We recently completed a 9-day trip to Columbia with our youngest son Dustin. He served an LDS mission in the Bogota North area in April 2015. During this last USU spring break we were able to accompany Him on a return trip to visit Bogota, Barranquilla and Cartagena.

While in Bogota we visited Monserrate.

Monserrate (after Catalan homonym mountain Montserrat) is a mountain that dominates the city center of Bogotá, the capital city of Colombia. It rises to 3,152 meters (10,341 ft) above the sea level, where there is a church (built in the 17th century) with a shrine, devoted to El Señor Caído (“The Fallen Lord”).

The hill, already considered sacred in pre-Columbian times when the area was inhabited by the indigenous Muisca, is a pilgrim destination, as well as a major tourist attraction. In addition to the church, the summit contains restaurants, cafeteria, souvenir shops and many smaller tourist facilities. Monserrate can be accessed by aerial tramway, a funicular or by climbing, the preferred way of pilgrims. The climbing route, however, had been indefinitely closed due to drought, and the associated wildfires and landslides. It was reopened in 2017.

All downtown Bogotá, south Bogotá and some sections of the north of the city are visible facing west, making it a popular destination to watch the sunset over the city. Every year, Monserrate and its neighbor Guadalupe attract many tourists.

On Monday we visited the Catedral de Sal in Zipaquira

Zipaquirá (Spanish pronunciation: [sipakiˈɾa]) is a municipality and city of Colombia in the department of Cundinamarca. Its neighboring municipalities are Tausa and Cogua to the north; Nemocón, Gachancipá and Sopó to the east; Cajicá and Tabioto the south; and Subachoque and Pacho to the west. Its seat of municipal government is 49 kilometers from Santa Fe de Bogotá. It is part of the Greater Bogotá Metropolitan Area, and is the capital of the province. It is also the headquarters of the diocese of the same name and that includes much of the Department of Cundinamarca, extending to the centre of Bogotá, the region of Rionegro, the Ubaté Valley, and the region of Guavio.

The town is primarily known for its Salt Cathedral, an underground church built inside a salt mine in a tunnel made as result of the excavation of the salinas. Zipaquirá has an original architecture, and the old city centre is a tourist attraction. Its main square is surrounded by old buildings in the Spanish Colonial style. This small city can be reached by train from Bogotá.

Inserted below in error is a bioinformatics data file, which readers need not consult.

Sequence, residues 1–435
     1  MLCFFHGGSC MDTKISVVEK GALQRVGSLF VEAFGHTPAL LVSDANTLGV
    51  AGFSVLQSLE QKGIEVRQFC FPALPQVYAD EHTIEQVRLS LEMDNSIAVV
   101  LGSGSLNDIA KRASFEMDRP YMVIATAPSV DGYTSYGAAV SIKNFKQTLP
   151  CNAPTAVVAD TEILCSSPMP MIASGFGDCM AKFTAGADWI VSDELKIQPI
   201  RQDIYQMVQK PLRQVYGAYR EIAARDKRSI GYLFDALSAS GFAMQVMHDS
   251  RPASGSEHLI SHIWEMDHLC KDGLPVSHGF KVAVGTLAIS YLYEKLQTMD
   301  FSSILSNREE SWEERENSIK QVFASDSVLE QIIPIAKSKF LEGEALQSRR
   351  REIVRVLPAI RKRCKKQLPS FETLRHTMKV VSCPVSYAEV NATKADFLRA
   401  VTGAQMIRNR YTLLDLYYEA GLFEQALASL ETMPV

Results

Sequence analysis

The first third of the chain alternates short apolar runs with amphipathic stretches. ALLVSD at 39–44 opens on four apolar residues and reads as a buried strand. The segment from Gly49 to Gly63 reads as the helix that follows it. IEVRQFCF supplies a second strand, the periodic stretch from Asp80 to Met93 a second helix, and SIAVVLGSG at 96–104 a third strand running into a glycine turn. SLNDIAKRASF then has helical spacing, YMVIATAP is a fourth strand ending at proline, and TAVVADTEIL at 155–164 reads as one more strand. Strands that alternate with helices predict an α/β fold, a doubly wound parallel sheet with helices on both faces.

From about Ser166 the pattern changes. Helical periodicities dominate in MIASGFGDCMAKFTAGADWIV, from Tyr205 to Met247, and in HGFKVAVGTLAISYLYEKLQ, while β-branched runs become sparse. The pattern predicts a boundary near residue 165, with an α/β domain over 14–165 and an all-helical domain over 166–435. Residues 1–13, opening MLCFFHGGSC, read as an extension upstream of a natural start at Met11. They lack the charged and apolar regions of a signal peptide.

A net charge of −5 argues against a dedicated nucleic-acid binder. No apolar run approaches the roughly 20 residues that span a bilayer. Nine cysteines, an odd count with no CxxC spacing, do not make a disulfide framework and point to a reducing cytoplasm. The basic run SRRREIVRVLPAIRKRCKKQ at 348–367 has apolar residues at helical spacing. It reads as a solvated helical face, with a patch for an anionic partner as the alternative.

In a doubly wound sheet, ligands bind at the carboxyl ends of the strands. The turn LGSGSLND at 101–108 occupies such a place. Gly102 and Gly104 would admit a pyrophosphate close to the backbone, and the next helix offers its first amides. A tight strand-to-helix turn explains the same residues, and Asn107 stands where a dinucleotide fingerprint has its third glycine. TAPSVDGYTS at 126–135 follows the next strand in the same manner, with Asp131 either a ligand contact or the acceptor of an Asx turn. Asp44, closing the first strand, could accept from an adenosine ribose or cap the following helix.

After visiting the Bogota Temple Tuesday morning we caught a flight to Barranquilla on the Northern coast.

In Barranquilla we visited the new LDS temple site were this temple will be dedicated in Dec 2018.

We also visited a region called Kilymadiaro, which hosted a wonderful restaurant and beachfront.

This was a shrimp and mushroom dish with queso and plantain that was muy delisiosa.

Next we visited Cartagena which boasts the best Colombian beaches and an old city founded in the early 1600s that was charming.

The final stop on out trip was a small settlement about 3 hrs North of Bogota called Villa De Leyva.
Villa de Leyva, also called Villa de Leiva, is a touristic colonial town and municipality, in the Ricaurte Province, part of the Boyacá Department of Colombia. The town is located 37 kilometres (23 mi) west of the departmental capital Tunja. It is “three and a half hours by car or bus from Bogotá.”[1]

Located away from major trade routes in a high altitude valley of semi-desert terrain, and with no mineral deposits nearby to exploit, the town has undergone little development in the last 400 years. As a consequence, it is one of the few towns in Colombia to have preserved much of its original colonial style and architecture: the streets and large central plaza are still paved with cobblestones, and many buildings date from the sixteenth century. This has resulted in Villa de Leyva becoming one of Colombia’s principal tourist attractions, and it was declared a National Monument on December 17, 1954 to preserve its architecture.[1] The town and the surrounding countryside, which contains several sites of interest, are popular weekend destinations for citizens of Bogota, and attract an increasing number of foreign tourists.

We visited the Terra Cotta house built by a Colombian artist wanting to live a simple life.

One of the Beautiful gardens close to the town square.

A great visit to a Beautiful country. Would recommend you take a guide.